LEXINGTON, Ky. – Louisville quelled concerns about handling Stanford’s tough defense with a fast tempo and athleticism that consistently converted opportunities.
The top-seeded Cardinals also imposed their will defensively on Stanford, resulting in yet another decisive victory to move within a win of reaching the Final Four.
Asia Durr had 24 points, Myisha Hines-Allen added 17 and Louisville rolled past No. 4 seed Stanford 86-59 on Friday night in the women’s NCAA Tournament Lexington Region semifinal.
Arica Carter had 13 points and Jazmine Jones 10 for the Cardinals (35-2), who trailed for just 53 seconds to win their 10th consecutive game and advance to their first regional final since 2014 and fourth since 2009. Louisville thrived offensively, shooting 52 percent and building a lead that reached 27 points with 1:24 remaining to finish their third consecutive NCAA Tournament rout.
And to think, Louisville coach Jeff Walz wasn’t sure how his team would respond to Stanford’s pressure.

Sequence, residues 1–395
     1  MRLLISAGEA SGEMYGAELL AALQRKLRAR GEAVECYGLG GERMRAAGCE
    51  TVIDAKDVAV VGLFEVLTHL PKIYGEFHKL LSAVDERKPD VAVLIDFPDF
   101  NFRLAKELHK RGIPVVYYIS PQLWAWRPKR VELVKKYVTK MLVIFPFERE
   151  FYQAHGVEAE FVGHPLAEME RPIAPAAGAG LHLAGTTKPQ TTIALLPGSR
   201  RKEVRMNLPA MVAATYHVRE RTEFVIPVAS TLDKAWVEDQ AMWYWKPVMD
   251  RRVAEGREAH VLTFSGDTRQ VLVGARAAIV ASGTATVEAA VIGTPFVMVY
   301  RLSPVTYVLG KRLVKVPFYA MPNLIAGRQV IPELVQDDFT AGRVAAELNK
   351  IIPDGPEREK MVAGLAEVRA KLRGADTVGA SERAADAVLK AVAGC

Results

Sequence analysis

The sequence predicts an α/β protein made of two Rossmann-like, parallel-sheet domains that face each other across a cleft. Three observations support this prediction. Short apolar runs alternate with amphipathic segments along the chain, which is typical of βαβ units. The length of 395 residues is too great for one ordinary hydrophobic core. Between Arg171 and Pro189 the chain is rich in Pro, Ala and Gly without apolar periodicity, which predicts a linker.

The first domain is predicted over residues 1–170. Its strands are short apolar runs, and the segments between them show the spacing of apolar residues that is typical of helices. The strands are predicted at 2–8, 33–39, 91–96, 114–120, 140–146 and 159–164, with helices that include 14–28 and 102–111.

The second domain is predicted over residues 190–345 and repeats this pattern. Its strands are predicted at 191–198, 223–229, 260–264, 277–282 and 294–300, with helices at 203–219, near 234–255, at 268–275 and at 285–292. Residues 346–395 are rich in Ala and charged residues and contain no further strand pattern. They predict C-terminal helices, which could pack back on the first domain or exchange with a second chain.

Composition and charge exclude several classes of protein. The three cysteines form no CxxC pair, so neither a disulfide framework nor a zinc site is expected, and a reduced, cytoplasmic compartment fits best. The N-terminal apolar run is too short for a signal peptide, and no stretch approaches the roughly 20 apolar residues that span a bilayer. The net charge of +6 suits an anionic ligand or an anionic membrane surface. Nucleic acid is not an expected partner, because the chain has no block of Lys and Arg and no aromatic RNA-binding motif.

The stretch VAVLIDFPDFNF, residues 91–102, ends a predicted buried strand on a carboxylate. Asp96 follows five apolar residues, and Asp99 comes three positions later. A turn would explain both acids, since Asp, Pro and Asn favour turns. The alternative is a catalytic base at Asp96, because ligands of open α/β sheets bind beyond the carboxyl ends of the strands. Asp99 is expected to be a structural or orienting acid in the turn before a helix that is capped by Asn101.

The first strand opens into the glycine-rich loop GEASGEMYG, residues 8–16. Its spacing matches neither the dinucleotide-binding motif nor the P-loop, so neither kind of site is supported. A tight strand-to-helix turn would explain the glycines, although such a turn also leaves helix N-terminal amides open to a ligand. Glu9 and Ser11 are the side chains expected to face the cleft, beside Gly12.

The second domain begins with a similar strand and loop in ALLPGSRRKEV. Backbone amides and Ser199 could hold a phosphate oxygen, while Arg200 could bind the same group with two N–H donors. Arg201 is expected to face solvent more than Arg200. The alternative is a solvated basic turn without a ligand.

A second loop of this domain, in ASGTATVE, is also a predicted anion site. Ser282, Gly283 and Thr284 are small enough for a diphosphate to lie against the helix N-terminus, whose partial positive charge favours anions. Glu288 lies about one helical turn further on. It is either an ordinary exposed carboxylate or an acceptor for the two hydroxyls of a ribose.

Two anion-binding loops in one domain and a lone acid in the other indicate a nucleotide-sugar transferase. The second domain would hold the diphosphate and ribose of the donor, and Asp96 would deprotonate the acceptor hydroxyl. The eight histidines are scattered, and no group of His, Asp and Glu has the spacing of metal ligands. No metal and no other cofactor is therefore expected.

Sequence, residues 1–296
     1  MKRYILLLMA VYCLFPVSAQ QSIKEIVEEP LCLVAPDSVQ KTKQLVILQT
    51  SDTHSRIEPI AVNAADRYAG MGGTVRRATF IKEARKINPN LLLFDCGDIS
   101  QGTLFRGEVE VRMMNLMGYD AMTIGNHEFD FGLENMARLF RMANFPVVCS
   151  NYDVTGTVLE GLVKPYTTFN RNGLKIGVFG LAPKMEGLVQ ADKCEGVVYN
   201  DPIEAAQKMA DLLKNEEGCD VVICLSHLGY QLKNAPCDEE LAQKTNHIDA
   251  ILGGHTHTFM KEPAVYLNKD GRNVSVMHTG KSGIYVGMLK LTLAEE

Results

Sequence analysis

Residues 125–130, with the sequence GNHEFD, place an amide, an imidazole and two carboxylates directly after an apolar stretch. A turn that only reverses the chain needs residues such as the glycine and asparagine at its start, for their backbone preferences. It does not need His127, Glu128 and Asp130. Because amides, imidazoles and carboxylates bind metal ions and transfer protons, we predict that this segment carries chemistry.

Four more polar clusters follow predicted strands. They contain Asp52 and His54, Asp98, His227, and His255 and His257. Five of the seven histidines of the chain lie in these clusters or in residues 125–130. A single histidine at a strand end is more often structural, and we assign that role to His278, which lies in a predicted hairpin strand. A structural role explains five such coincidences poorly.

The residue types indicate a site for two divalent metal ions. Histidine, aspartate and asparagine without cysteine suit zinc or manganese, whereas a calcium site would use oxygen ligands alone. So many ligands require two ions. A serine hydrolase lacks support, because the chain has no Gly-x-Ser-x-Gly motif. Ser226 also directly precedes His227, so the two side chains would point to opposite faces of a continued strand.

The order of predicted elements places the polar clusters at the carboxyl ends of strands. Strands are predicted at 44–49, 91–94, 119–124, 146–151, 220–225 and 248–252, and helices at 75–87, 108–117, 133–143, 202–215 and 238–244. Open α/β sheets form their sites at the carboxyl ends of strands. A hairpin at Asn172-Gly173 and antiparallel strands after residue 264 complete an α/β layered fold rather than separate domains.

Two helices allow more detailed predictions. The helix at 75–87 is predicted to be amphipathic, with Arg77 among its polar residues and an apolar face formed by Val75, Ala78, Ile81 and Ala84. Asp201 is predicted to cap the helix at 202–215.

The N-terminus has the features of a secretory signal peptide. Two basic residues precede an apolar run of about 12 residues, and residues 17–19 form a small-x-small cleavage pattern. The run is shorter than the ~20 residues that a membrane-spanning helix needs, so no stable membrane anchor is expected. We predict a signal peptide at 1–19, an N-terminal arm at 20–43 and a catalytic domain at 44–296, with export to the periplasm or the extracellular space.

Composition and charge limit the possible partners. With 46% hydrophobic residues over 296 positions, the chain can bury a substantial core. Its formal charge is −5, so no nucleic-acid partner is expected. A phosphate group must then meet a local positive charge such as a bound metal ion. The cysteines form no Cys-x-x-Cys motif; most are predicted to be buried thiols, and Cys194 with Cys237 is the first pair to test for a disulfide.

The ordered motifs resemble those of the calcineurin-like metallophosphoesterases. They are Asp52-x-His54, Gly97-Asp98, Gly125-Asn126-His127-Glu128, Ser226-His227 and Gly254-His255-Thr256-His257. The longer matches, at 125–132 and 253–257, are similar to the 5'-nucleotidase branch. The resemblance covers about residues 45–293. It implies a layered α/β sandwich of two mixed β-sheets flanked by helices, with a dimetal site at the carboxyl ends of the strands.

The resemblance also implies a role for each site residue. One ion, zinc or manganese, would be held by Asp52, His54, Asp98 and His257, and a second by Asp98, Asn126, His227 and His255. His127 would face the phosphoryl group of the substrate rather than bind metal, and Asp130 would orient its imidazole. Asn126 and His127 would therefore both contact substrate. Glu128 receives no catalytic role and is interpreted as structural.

“We knew coming in we were going to have our hands full,” the coach said. “We knew were going to have to play extremely well, and I thought we did that.”
Hines-Allen made 8 of 15 baskets and surpassed 2,000 career points to move into third place all-time.
“Not a lot of people can get that,” said the senior forward, who also grabbed five rebounds. “Angel McCoughtry, Shoni Schimmel in this program have gotten it. Just to be with those type of players is amazing, and I know Asia Durr is about to be up there, too, soon.”
Brittany McPhee had 15 points and Dijonai Carrington 14 for Stanford, which hoped to upset a tournament top seed for the third straight March in Lexington after knocking out Notre Dame the previous two years.
The Cardinal bench outscored Louisville 23-13, but Stanford committed 19 turnovers leading to 22 points.
“They have a combination of athleticism and aggressiveness, size,” coach Tara VanDerveer said of Louisville. “They really extended their defense on us, and I think that we – intellectually, we knew that was going to happen, but you can’t –it’s hard to kind of talk to people about this is what’s going to happen.
“And when it happens, it’s a little bit different.”
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